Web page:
PowerPoint 3.6 Assumptions and Corollaries in Erikson’s Work (slide 2 of 2) Corollaries in Erikson’s Theory • No one permanently resolves a crisis. • People do not remain at a stage if the crisis isn’t permanently resolved. • Less than ideal resolutions of crises at particular stages leaves individual’s with personality “glitches.” • The effectiveness of the resolution of crises determines emotional health.
Positive Resolution Trust in themselves and others. Relaxed, optimistic, and generous attitude. Good sense and command of their will power. Feel free to be themselves. Believe they know how the world works. Clear sense of what they want in life. Relish achievement and like to tackle challenging tasks. Negative Resolution See the world as inconsistent and threatening. See life as unpredictable, and view good things as temporary. Fear being exposed as inadequate. Attempt to hide feelings of powerlessness. Fear of being inadequate and of making mistakes. Self-restrictive and sometimes over-conscientious. Feel inadequate, incapable, and estranged. Lack ambition. PowerPoint 3.7 Positive and Negative Resolutions of Crises (slide 1 of 2)
Positive Resolution Know who they are, what their goals are, and where they're going. Commit to partnerships and have the ethics to abide by the commitments to same and opposite sex relationships. Concern for creation of better world. Focus on service to others. Feel their lives have meaning and significance. Negative Resolution See conflict in who they are and what they would like to be. Self-absorbed. Identity is too fragile to maintain the uncertainties of intimacy. Lack long-term goals and commitments. Live for short-term gratification. View life as filled with missed opportunities. PowerPoint 3.7 Positive and Negative Resolutions of Crises (slide 2 of 2)
PowerPoint 3.8 Erikson’s Theory in the Classroom (slide 1 of 4) Three teachers are involved in a conversation in the faculty workroom during their lunch period. "What are you doing?" Kevin asked Sue as she pored over some papers during their lunch period. "I want to give these papers back, so the kids can figure out their bonus points." "What. ..what are you talking about?" "I'm using a new system in my class," Sue continued. "Whenever I give a quiz, if the score is higher than their average, they get bonus points. That way they get rewarded for improving, regardless of their average. I told them that if they consistently improve, they can't fail It's working. I have kids studying that never tried before. "
PowerPoint 3.8 Erikson’s Theory in the Classroom (slide 2of 4) (Three teachers are involved in a conversation in the faculty workroom during their lunch period continued from previous slide) "I think you work too hard," Mary interjected. " All you do is work. You're the first one here in the morning, the last one out at night, and now you're working at lunch." "Yeah, ...I know," Sue nodded, "but I worry about some of these kids. School has always been such a tough place for them. I'm afraid later on we'll lose them forever." "I understand," Mary shrugged, "but I'm so tired. Jeff comes over, and we talk until we're blue in the face.. I care about him, but I just don't know. .." "That's interesting," Kevin added. "My problems are a little different. Most of the kids are fine. It's just Karen and Andy. They will do what I ask them to do and no more. They're so afraid of making a mistake, but the work they do is always quite good, sometimes very good. It would be good to see them relax, go beyond the minimum and do some things on their own."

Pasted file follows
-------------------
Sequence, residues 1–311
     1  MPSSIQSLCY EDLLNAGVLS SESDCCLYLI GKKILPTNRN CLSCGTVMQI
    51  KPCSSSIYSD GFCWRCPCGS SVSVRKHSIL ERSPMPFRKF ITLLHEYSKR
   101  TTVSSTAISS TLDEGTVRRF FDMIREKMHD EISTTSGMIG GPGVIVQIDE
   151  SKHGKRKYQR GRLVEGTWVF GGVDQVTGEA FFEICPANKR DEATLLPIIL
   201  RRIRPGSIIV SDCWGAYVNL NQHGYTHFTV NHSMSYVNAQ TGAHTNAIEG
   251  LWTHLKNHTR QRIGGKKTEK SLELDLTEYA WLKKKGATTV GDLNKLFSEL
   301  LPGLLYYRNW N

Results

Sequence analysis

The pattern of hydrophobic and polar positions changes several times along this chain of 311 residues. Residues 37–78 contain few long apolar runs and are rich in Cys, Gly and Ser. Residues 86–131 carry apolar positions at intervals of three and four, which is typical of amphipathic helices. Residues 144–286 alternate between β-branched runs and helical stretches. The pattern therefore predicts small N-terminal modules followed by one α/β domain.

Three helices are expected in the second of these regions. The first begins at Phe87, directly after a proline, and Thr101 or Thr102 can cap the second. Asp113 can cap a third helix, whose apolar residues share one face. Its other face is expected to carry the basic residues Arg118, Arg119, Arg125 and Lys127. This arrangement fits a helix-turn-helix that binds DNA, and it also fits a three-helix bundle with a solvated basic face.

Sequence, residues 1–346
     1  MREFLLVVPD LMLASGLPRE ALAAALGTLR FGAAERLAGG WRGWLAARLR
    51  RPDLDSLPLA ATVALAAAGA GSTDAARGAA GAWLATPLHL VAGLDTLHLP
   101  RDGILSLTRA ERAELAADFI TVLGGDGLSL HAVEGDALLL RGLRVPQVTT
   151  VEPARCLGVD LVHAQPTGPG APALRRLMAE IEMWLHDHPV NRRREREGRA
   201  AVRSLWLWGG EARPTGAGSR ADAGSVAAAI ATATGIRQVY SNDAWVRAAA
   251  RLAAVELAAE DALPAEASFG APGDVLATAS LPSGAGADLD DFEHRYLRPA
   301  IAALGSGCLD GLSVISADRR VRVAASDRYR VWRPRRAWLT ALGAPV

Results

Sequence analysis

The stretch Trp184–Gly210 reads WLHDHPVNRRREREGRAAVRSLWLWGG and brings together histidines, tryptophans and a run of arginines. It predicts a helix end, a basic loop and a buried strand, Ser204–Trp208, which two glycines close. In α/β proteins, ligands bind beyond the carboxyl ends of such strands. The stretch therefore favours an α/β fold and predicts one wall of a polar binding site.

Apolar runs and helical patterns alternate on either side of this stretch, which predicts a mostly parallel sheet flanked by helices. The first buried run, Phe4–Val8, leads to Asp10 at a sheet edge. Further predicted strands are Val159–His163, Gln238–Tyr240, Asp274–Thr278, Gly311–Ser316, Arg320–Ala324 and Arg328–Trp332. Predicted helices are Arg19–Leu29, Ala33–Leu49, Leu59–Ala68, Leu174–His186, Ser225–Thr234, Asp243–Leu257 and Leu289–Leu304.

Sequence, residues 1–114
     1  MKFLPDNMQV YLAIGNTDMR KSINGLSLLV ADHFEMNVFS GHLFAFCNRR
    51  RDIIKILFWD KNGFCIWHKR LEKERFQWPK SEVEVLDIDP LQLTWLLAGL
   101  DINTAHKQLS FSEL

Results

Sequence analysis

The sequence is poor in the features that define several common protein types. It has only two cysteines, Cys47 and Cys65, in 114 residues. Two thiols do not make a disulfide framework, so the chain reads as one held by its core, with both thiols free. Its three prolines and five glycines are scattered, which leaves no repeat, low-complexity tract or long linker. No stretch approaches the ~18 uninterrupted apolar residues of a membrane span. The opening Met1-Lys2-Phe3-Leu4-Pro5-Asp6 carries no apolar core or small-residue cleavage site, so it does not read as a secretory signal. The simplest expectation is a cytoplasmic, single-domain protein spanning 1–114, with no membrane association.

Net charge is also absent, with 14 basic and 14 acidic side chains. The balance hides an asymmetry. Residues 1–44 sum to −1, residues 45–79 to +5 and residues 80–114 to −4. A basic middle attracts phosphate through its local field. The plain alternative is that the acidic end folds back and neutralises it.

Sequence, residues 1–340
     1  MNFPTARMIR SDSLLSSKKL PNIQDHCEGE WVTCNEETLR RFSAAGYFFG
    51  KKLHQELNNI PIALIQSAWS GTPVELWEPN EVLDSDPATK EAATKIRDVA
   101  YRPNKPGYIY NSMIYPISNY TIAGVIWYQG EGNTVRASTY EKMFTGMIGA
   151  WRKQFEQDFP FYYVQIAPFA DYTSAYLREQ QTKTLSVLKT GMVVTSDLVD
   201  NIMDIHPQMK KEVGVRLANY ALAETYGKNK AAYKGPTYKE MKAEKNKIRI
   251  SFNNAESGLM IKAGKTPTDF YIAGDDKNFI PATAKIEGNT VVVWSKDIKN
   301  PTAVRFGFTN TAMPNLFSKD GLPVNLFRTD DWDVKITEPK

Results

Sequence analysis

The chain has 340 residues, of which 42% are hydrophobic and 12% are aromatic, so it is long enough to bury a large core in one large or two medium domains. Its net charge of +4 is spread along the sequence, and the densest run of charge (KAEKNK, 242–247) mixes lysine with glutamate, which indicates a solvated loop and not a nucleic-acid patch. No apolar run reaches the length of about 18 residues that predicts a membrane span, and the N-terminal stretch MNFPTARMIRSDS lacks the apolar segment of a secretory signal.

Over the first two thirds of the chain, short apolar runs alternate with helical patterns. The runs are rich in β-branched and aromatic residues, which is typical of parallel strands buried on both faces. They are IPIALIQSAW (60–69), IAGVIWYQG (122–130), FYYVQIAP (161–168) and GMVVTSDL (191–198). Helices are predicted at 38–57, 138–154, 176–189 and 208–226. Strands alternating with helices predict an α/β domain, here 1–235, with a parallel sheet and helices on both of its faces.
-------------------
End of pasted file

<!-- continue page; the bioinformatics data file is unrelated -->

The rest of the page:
PowerPoint 3.8 Erikson’s Theory in the Classroom (slide 3 of 4) Based on the best evidence available in the case study and on Erikson‘s work, answer the following questions. In each case provide the evidence on which your conclusions are based. 1. What school level is this-elementary, middle, or secondary? 2. What is your estimate of Sue's age? 3. What is your estimate of Mary's age? 4. What stage of psychosocial development is best illustrated by Karen's and Andy's behaviors?
PowerPoint 3.8 Erikson’s Theory in the Classroom (slide 4 of 4) Feedback: 1. What school level is this-elementary, middle, or secondary? Based on Sue's concern for her students' success, the best estimate of the schools' level is elementary. At the elementary level, learners chronologically are faced with the challenge of industry versus inferiority. Success, challenge, and improvement of skills help contribute to a sense of industry. 2. What is your estimate of Sue's age? Sue's behavior indicates that she has positively resolved the generativity versus stagnation crisis. This is most characteristic of a person in middle adulthood, which could range from approximately the mid 30s to the mid 50s. 3. What is your estimate of Mary's age? Mary is demonstrating behaviors characteristic of the intimacy versus isolation stage, which is characteristic of young adulthood, so somewhere in her 20s would be a reasonable estimate. 4. What stage of psychosocial development is best illustrated by Karen's and Andy's behaviors? Karen and Andy indicate a lack of resolution of the initiative versus guilt stage of psychosocial development.